Today it’s the 650cc motorcycles that dominate the middleweight class with the 750’s few and far between.
Apart from the odd Adventure bike we’ve currently got the new Honda CB750 Hornet, the Triumph Street Triple R, the Suzuki GSX S750, the ever present (since 1985) Suzuki GSX R750 and the soon to be released Suzuki GSX 8X. All these are naked bikes except the GSX R750 SuperSport.
It wasn’t always the case though and some of the most influential and iconic bikes of the past have been 750cc motorcycles, here’s 9 of the best.
Suzuki GSX R750 Slabside
The 1985 GSX R750 Slabside set the benchmark for sportbikes; there are those that came before the GSX R750 and those that came after.
In terms of iconic 750cc motorcycles the Suzuki GSX R750 is arguably the most iconic of them all and it was widely regarded as one of the best motorcycles of the 80s.
Suzuki wanted a sportbike that could be entered into competition races in the 750 class, so they got to work on producing a bike that would have track performance and be usable on the street.
It was the first ever oil-cooled production motorcycle and was capable of over 100 horsepower, and up to 130 horsepower with a tuning kit.
The Japanese market had previously received the Suzuki 400cc GSX-R, it was this model that pioneered the alloy frame, four-cylinder layout and slab-sided styling.
The model was incredibly light weight and the streamlined design came from the factory’s F1 racers as a result the bike had sharp handling and was ready to be thrown into the corners at speed.
There would later be a Suzuki GSX S750, which used the GSX R750 platform but was turned into an upright, naked streetbike. The GSX S750 and GSX R750 are both still in production today.
It is the slab-sided bodywork on the Suzuki sportbike that made it memorable to look at and the bikes performance that cemented it’s legendary status.
Honda Shadow 750
Honda released the Shadow as a means to provide worthy competition to Harley Davidson in the US. It was actually beaten to the market by the Yamaha Virago but the Shadow 750cc beat it onto this list purely on perseverance.
The Shadow name has since been lent to various capacity cruisers from 125’s to 1000 cc’s, the most consistent model however, has been the Shadow 750.
The bike was first released in 1983 but was soon restricted by the US to be a 700cc, so it was 1985 before the 750cc was back on US soil until 1988.
Then there was a break before Honda released the Shadow Ace 750 in 1997. After that there have been various Shadow variants with the Shadow Aero and Phantom in the lineup today.
Initially the Shadow was chain-driven before moving to a shaft drive which provides fuss-free maintenance.
Despite being in production for over 38 years not all that much has changed with the Shadow.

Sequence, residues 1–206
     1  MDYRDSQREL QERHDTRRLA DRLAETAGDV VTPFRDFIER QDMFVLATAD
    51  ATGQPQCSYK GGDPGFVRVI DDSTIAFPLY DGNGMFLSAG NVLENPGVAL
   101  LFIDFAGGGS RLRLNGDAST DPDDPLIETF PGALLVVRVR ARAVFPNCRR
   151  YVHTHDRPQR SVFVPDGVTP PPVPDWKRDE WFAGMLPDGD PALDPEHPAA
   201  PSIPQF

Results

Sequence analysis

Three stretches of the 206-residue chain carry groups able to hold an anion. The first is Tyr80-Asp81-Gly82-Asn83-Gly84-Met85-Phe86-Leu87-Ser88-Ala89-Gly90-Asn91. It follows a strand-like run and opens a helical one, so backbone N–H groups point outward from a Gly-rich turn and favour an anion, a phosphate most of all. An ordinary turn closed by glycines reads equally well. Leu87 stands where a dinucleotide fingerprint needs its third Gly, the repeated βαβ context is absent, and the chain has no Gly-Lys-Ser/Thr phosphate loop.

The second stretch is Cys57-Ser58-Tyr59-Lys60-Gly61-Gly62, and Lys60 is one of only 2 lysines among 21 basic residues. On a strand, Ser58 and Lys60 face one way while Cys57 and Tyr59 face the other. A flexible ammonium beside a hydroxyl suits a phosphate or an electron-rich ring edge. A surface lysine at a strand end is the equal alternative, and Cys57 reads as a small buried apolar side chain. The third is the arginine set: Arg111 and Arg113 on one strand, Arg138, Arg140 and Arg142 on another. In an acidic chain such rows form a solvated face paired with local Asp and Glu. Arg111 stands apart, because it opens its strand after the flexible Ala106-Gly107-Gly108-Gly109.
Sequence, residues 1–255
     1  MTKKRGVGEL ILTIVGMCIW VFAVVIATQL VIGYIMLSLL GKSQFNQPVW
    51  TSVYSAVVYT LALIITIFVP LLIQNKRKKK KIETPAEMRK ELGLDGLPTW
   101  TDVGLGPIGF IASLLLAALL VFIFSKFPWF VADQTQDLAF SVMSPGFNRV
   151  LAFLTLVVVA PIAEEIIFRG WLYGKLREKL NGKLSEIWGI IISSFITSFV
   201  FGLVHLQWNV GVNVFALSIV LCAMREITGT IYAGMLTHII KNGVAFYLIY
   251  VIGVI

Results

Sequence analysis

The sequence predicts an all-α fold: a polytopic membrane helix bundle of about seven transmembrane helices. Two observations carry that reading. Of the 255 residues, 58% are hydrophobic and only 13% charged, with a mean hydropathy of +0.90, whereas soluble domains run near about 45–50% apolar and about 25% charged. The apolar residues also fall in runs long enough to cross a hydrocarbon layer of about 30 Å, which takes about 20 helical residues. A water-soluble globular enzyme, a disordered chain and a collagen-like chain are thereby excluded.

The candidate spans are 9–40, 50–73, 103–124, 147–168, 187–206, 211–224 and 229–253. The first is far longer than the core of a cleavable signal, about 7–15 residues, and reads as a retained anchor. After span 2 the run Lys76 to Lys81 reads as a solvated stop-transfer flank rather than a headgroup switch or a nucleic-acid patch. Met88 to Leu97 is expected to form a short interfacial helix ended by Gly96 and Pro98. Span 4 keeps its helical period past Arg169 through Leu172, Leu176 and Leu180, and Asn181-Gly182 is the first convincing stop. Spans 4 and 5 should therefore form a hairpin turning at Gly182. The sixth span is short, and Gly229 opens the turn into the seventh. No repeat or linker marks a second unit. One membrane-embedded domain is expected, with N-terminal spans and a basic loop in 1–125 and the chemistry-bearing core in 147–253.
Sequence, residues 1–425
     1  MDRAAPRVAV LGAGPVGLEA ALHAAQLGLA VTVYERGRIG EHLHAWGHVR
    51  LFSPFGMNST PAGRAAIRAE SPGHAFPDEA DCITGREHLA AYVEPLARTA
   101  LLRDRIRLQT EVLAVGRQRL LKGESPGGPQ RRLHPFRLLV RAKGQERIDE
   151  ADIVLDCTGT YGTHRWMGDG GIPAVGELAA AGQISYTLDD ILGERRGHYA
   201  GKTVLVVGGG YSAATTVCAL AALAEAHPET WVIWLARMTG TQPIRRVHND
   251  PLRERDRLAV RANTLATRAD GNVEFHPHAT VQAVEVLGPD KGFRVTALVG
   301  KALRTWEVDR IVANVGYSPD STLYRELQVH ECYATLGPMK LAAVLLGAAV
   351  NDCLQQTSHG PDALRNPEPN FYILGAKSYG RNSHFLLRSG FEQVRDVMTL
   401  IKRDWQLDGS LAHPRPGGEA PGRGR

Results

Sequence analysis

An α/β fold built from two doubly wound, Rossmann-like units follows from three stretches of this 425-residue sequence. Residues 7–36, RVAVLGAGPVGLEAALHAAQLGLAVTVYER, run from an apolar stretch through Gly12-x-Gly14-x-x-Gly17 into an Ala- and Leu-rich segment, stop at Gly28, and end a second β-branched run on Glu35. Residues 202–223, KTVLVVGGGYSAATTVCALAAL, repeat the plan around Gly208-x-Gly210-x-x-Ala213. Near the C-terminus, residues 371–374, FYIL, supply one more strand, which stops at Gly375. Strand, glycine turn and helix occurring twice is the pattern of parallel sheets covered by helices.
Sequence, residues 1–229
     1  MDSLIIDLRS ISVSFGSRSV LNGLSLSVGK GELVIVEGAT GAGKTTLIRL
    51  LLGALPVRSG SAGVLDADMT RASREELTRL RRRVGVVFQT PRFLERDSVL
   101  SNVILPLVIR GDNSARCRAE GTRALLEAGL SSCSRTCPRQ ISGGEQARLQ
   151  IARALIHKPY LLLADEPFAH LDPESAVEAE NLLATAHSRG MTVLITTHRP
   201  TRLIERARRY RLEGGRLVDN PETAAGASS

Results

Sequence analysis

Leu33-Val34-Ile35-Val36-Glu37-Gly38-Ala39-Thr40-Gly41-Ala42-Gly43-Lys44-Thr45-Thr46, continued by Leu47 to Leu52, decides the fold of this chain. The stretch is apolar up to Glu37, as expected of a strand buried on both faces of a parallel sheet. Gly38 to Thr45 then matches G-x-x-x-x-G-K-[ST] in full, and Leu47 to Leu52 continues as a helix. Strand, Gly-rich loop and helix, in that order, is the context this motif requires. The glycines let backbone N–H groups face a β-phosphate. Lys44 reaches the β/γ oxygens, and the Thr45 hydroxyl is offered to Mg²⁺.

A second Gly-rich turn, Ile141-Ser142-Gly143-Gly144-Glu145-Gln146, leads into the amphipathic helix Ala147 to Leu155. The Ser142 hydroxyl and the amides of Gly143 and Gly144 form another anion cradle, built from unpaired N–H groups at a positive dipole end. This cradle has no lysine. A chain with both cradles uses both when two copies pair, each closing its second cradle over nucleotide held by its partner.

The chassis is very similar to what it was when it was first released, with classic cruiser styling, a beefy tank, smooth curves and low rear end.
The Shadow is fun for both experienced and novice riders, it has the presence of a much bigger motorcycle thanks to the chunky chassis and chunky-sized V twin.
Ducati Paso 750
The Ducati Paso 750 was Massimo Tamburini’s very first Ducati project, and the first bike produced under Cagiva ownership.
Tamburini, later credited with the Ducati 916 and MV Agusta F4 750, had just left Bimota after the release of the Bimota DB1.
Much of the Paso design was owed to Tamburini’s involvement with the DB1 project and it even shared the same Pantah 750 engine.
The Paso was one of the most balanced chassis the Italians had ever produced, with Ohlins suspension and Marzocchi forks. The steep rake and calm trail provided sharp, confident and stable handling.
It is said that despite the exotic aggressive styling (that made it unique from other sportbikes), the care taken into the engine tweaks and chassis design the Paso 750 only sold 4,863 units.
It wasn’t the big sales hit Cagiva had hoped for Ducati but it is safe to say that without Tamburini having been allowed to work on the Paso, there would be no 916, no Ducati Monster or indeed no Panigale.
The creative freedom allowed to Tamburini at the start of his career with Ducati for sure sparked the incredible line of bikes that came thereafter.
Kawasaki H2 750
Before Kawasaki released the turbocharged H2 that we know today, with ride modes adjusting throttle response, launch control, traction control and every other kind of electronic rider aid known to man and machine, there was The Widow Maker.
Kawasaki immediately lauded the H2 750 as the fastest production motorcycle, faster than any other manufacturer. They were leading the pack for supersport bikes and claimed their new model was the sportbike to beat them all.
Released in 1972 the Kawasaki H2 750 had a 3-cylinder engine, with Mikuni carbs and was air-cooled, the simple motor produced 74 horsepower, beating the closest competition by around 20 horsepower.
The 2 stroke engine was undoubtedly bulletproof, but the bike itself was a tad anti-social, pushing out blue smoke with every pull on the throttle, and the frame was a little too lightweight to cope with the bikes power.